Fifty years after the March on Washington for Jobs and Freedom, low-wage workers are continuing the march for livable wages. In 35 cities, fast food workers are striking for a $15 minimum wage and the right to organize.
Much of the press is speculating about whether President Obama's speech on the 50th anniversary of the March on Washington can reach the “King standard.” But this is the wrong standard by which to measure the president.
As we remember Martin Luther King Jr.'s "I Have A Dream" speech, it is a good time to reflect on our own dreams of what our society could become. What is my dream? It starts with jobs. But it goes on from there.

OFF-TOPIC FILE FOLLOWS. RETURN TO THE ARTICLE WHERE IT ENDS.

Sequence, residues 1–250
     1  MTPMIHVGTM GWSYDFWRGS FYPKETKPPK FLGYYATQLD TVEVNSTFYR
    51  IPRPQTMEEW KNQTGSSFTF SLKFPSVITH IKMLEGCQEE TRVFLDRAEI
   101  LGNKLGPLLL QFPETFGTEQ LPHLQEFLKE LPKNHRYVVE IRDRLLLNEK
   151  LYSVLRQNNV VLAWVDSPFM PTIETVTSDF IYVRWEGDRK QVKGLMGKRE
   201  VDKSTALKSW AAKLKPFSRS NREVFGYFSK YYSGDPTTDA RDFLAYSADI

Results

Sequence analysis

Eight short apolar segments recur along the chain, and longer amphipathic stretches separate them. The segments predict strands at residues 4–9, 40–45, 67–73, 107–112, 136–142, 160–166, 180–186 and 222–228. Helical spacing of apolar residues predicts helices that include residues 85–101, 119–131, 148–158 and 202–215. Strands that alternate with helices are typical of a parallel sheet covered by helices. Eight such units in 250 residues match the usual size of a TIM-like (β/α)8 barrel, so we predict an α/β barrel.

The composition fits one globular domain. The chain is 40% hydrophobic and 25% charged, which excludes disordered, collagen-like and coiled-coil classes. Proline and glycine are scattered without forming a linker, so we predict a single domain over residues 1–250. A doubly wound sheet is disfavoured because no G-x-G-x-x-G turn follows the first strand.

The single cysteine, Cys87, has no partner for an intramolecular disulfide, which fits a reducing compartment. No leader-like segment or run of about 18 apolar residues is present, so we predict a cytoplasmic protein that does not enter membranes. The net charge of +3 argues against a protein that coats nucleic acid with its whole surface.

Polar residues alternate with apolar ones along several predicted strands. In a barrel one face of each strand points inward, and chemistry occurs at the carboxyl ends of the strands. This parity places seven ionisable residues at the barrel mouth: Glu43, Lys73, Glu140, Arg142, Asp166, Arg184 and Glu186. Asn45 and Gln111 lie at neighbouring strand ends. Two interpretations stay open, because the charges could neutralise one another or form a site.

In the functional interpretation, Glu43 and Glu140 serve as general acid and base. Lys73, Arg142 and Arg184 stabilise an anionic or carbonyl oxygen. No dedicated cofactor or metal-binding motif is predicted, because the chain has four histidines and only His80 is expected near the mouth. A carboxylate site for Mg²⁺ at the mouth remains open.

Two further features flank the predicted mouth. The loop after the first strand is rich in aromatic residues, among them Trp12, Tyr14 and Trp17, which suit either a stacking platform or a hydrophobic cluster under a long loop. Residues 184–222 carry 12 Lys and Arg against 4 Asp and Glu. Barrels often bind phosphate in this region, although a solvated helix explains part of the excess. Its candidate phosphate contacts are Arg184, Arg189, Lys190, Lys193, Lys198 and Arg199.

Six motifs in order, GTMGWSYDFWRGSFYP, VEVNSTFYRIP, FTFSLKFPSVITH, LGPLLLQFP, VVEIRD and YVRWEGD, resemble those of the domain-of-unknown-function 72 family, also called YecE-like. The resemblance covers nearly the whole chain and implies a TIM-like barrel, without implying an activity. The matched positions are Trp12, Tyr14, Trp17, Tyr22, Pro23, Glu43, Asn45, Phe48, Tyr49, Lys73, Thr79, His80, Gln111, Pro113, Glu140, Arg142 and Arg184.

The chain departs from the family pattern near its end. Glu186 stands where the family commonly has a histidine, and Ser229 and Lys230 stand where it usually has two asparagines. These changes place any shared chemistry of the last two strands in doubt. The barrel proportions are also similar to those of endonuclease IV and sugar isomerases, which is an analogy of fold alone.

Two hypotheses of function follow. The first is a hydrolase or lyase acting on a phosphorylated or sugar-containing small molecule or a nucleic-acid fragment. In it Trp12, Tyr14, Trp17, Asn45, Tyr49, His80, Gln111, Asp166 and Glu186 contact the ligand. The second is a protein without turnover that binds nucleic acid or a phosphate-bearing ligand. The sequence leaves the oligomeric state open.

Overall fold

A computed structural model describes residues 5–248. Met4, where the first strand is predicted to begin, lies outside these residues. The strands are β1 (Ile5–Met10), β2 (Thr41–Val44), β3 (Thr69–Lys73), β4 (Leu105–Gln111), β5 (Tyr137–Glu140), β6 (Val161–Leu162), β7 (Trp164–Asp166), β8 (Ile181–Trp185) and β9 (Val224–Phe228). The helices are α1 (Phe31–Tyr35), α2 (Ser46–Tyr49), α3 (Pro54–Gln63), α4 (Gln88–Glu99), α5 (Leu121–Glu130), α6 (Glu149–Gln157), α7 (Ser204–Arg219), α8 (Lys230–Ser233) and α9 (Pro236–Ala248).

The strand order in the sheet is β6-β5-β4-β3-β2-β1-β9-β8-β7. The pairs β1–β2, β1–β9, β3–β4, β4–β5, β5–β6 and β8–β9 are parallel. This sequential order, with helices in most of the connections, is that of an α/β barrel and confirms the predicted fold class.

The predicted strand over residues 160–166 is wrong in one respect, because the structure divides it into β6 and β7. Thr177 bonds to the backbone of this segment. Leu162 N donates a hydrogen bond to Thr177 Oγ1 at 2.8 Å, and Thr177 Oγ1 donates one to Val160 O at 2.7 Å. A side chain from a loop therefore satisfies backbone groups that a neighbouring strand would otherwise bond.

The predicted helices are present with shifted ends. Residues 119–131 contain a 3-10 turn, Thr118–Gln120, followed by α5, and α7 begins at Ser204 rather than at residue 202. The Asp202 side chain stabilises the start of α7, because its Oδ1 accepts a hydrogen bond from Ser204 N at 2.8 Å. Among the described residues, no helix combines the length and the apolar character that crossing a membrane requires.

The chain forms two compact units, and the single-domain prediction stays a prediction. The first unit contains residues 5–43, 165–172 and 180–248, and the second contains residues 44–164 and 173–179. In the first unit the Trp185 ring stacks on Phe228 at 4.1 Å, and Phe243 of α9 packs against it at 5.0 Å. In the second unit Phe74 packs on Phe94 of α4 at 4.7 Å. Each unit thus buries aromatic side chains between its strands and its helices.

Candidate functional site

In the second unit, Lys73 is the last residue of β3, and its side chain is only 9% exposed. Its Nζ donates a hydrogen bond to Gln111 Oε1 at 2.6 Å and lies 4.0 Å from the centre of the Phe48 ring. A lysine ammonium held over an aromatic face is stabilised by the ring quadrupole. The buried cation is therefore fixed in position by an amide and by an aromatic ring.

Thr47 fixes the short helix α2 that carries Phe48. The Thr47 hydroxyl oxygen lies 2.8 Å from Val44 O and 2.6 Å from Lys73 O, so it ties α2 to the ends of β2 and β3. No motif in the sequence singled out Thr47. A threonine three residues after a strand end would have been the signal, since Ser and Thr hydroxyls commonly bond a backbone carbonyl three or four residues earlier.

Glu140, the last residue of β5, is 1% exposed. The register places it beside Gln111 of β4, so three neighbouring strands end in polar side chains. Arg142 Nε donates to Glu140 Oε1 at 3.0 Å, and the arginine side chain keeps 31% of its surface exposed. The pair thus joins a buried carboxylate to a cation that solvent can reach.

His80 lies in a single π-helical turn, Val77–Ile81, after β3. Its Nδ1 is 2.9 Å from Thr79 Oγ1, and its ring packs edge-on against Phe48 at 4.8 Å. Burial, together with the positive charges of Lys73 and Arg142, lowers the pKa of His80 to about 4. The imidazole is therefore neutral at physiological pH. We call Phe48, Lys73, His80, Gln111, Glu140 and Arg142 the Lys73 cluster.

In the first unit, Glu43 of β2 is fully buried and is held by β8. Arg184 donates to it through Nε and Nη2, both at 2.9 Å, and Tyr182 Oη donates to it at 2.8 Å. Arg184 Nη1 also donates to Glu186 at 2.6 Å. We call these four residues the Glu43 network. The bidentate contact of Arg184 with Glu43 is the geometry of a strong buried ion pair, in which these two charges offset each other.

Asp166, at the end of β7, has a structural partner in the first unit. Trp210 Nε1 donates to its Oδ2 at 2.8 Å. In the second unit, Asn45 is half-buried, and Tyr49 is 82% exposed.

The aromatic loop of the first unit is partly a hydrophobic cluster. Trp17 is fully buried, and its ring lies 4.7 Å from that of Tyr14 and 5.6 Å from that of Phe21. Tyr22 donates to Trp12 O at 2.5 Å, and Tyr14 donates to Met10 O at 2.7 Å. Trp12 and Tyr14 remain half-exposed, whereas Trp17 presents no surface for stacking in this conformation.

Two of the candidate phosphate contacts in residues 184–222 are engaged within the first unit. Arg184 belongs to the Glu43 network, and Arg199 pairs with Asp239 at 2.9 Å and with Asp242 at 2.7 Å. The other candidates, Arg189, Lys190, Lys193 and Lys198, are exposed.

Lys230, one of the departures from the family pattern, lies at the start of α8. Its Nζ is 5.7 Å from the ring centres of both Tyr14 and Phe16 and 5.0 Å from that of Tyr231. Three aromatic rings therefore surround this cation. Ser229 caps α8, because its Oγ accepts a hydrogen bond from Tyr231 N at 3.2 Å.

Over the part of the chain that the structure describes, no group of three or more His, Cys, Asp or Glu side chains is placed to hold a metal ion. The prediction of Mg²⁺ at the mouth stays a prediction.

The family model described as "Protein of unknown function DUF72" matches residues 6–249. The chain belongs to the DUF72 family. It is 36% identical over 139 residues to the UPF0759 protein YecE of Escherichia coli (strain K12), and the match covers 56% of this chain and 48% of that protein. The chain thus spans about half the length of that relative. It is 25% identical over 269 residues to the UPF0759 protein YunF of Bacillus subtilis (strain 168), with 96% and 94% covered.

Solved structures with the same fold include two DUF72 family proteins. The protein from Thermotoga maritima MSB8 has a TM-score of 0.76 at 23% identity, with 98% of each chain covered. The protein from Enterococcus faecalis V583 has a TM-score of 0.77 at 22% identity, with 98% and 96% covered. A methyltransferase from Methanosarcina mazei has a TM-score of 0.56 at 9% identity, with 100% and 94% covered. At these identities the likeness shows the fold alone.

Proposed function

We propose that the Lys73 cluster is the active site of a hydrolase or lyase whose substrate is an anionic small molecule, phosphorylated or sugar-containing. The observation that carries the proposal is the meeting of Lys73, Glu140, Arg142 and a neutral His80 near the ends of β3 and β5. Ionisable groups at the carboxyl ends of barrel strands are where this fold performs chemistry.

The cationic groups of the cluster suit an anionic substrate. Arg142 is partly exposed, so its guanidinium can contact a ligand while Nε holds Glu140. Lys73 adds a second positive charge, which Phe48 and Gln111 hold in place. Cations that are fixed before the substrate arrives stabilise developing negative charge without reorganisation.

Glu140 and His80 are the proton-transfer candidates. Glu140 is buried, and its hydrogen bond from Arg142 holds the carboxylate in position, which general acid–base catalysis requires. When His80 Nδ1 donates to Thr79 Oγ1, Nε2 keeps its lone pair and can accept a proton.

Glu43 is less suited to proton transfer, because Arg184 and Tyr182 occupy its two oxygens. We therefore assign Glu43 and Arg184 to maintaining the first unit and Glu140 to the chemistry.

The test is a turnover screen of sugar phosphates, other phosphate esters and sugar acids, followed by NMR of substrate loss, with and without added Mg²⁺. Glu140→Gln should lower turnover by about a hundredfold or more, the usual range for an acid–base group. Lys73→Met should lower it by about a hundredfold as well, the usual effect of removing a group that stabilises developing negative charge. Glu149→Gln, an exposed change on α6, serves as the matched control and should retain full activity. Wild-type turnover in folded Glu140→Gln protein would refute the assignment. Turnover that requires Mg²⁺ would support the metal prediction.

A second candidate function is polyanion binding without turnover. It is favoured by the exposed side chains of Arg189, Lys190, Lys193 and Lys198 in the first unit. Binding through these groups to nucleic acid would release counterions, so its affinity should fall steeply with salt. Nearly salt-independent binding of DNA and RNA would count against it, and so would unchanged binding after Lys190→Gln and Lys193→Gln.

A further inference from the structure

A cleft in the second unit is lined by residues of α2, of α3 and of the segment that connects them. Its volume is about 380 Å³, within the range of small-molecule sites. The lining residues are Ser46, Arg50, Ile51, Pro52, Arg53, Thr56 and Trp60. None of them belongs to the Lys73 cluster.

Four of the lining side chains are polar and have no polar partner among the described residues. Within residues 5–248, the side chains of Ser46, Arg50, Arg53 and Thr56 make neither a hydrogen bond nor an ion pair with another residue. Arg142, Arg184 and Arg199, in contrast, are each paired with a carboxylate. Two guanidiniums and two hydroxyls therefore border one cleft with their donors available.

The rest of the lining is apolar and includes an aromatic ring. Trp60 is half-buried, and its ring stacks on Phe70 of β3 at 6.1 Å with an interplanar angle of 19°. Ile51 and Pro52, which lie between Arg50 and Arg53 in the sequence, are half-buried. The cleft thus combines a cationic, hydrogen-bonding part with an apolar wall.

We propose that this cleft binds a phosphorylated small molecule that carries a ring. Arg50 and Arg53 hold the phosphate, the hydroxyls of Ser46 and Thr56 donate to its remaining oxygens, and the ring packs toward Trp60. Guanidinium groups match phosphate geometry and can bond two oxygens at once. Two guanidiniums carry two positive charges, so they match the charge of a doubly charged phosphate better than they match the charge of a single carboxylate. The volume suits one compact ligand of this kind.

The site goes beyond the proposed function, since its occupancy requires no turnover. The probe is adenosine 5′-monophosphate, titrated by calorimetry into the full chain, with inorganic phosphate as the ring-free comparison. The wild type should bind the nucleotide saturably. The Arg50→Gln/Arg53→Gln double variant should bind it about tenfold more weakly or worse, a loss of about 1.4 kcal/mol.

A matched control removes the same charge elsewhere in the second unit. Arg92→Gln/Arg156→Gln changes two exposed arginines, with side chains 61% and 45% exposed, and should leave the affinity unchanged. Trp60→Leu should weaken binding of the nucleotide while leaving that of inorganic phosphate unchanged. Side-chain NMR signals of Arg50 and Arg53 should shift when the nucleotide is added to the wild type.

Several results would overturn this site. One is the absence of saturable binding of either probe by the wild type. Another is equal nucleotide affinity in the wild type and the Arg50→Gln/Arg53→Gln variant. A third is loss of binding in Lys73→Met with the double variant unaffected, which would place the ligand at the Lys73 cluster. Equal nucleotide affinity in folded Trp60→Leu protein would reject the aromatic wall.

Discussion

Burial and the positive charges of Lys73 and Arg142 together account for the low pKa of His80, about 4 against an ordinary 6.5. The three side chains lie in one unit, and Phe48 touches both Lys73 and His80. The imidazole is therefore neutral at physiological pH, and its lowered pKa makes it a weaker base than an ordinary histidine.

In 1963 the March on Washington called for an increase in the minimum wage. But it was higher then than it is today, though productivity has risen. Our nation's wealth has gone to the top 1 percent. That's not freedom.
This week thousands gathered to remember the 1963 "March on Washington for Jobs and Freedom," and recommit to Dr. King's unfinished dream. But the challenge of delivering on the dream remains.
Dr. Martin Luther King Jr. understood that a full employment economy is a prerequisite for economic justice. A renewed movement demanding full employment is now more crucial than ever.